Thursday, March 1, 2012

The Linji Lu and the Creation of Chan Orthodoxy

Lately, the more I read, the less certain I am of assumptions I once held about Zen. First Mario Pocenski's Ordinary Mind as the Way challenged the conventional image that most Zen students have about Mazu and the Hongzhou school. And now Albert Welter's The Linji Lu and the Creation of Chan Orthodoxy destabilizes my understanding of Zen Master Linji, the Linji Lu his infamous Zen record, and thus the entire Linji Zen tradition.

Wow, that's a lot to do in one book. But it's true. In The Creation of Chan Orthodoxy, Welter sets out to prove how the common image of Linji--of a brusque, confrontational teacher with more fist blows than words--is a construct of his disciples in their attempt to establish Linji supremacy in Song-era China. Which they were very successful in doing; D.T. Suzuki, the iconic 20th century Japanese Zen missionary of sorts, is the ultimate champion of this Rinzai-based orthodoxy. But as it turns out, like Mazu, the Linji we know is more fictitious invention, or embellishment at the very least, than real. To what degree, no one will ever know.

Welter's main thesis is that this image we have of Linji is both a political and religious construct created to establish doctrinal and praxis-based orthodoxy.

Orthodoxy, now there's a word that interests me a lot.

I began my Zen practice with a mainstream Harada-Yasutani group, moved to the Soto-based Ordinary Mind school, and am now fully engaged in the Korean kanhua Chan tradition in the Five Mountain Zen Order. Essentially, I moved from the most orthodox form of Western Zen (Japanese) to a less mainstream Zen practice with the Ordinary Mind group, and have finally wound up on the fringes practicing Korean Soen. And if that last statement strikes you as a bit odd, I can attest to the fact that when you tell Japanese Zen students that you practice Korean Soen, you can almost smell the judgment and criticism emanating from them; because although many people won't admit it or even know it, they intuitively accept Japanese Zen as the orthodoxy. From my experience, you're made to feel like you're in middle school all over again, wearing knock-off Air Jordans that everyone is whispering about.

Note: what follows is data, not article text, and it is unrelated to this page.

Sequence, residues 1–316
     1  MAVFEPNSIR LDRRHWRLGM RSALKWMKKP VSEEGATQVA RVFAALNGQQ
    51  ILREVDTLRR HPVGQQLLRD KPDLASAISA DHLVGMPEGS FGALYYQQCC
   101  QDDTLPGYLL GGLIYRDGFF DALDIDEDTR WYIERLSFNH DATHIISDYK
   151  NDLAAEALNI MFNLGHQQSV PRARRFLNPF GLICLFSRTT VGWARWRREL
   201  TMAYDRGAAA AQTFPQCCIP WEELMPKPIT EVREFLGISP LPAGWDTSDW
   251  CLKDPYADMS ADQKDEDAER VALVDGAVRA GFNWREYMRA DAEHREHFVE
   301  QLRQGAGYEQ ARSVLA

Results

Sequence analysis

Okay, maybe I'm exaggerating a bit, but you get the picture.

So Welter's book fascinated me on several different levels--intellectually and personally. It's a dense, scholarly read, useful for anyone interested in the origins behind the Linji (dare I say) myth. If you're at all like me, a bit of an iconoclast who likes questioning so-called orthodoxy, put The Linji Lu and the Creation of Chan Orthodoxy on your summer reading list.

If you are at all interested, here is a downloadable essay I found by Albert Welter on the formation of the Linji Lu, a kind of primer for his book. Check them both out.

Thanks to the publicity department at Oxford University Press for sending me a copy to read and review.


  1. Nice post. Most of the Japanese Zen folks I meet don't really know anything about Korean Seon. Where things sometimes break down in conversation is around zazen. They seem to value it and understand it differently than I do.

  2. I agree; it's unfortunate that there is so little interest in Korean Seon, especially since it has so much to offer. Zazen, like anything else, can easily become another form of attachment.